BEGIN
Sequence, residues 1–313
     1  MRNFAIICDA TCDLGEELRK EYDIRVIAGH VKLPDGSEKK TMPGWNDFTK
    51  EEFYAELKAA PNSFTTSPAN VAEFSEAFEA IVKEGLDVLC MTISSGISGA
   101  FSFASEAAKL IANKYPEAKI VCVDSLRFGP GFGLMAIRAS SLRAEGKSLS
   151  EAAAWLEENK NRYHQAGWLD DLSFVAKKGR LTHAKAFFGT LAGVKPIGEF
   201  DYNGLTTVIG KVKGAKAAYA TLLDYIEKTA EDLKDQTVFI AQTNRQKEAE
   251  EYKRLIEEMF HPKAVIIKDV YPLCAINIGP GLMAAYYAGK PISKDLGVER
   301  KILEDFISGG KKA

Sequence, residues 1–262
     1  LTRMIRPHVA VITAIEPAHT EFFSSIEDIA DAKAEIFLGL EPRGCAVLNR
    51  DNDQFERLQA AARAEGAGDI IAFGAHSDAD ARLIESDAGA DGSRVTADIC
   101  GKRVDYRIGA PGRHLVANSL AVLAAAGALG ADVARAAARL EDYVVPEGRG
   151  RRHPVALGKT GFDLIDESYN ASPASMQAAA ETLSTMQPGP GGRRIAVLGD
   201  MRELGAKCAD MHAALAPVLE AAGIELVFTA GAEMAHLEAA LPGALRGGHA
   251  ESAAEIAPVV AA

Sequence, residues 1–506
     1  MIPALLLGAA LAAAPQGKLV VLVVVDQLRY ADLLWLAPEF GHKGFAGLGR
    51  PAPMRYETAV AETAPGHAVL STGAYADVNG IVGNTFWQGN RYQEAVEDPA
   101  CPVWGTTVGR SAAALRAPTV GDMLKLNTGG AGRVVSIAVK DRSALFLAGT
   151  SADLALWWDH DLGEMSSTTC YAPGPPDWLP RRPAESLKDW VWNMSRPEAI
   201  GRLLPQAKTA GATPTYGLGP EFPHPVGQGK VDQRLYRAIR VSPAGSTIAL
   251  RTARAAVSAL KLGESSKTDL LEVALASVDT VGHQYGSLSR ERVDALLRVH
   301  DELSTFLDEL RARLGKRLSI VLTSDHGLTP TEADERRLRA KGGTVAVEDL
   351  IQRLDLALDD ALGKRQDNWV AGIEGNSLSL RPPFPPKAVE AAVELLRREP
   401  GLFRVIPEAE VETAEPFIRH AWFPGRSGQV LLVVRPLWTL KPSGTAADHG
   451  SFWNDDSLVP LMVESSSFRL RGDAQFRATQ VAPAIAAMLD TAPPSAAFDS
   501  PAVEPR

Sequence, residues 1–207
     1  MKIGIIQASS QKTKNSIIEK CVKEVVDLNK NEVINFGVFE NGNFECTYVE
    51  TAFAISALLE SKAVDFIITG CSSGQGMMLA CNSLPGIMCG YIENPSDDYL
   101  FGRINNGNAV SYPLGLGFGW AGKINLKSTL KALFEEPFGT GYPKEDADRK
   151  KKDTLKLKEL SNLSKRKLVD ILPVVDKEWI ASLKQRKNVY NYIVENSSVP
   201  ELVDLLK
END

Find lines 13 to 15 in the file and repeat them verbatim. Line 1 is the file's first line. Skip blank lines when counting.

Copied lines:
   151  RRHPVALGKT GFDLIDESYN ASPASMQAAA ETLSTMQPGP GGRRIAVLGD
   201  MRELGAKCAD MHAALAPVLE AAGIELVFTA GAEMAHLEAA LPGALRGGHA
   251  ESAAEIAPVV AA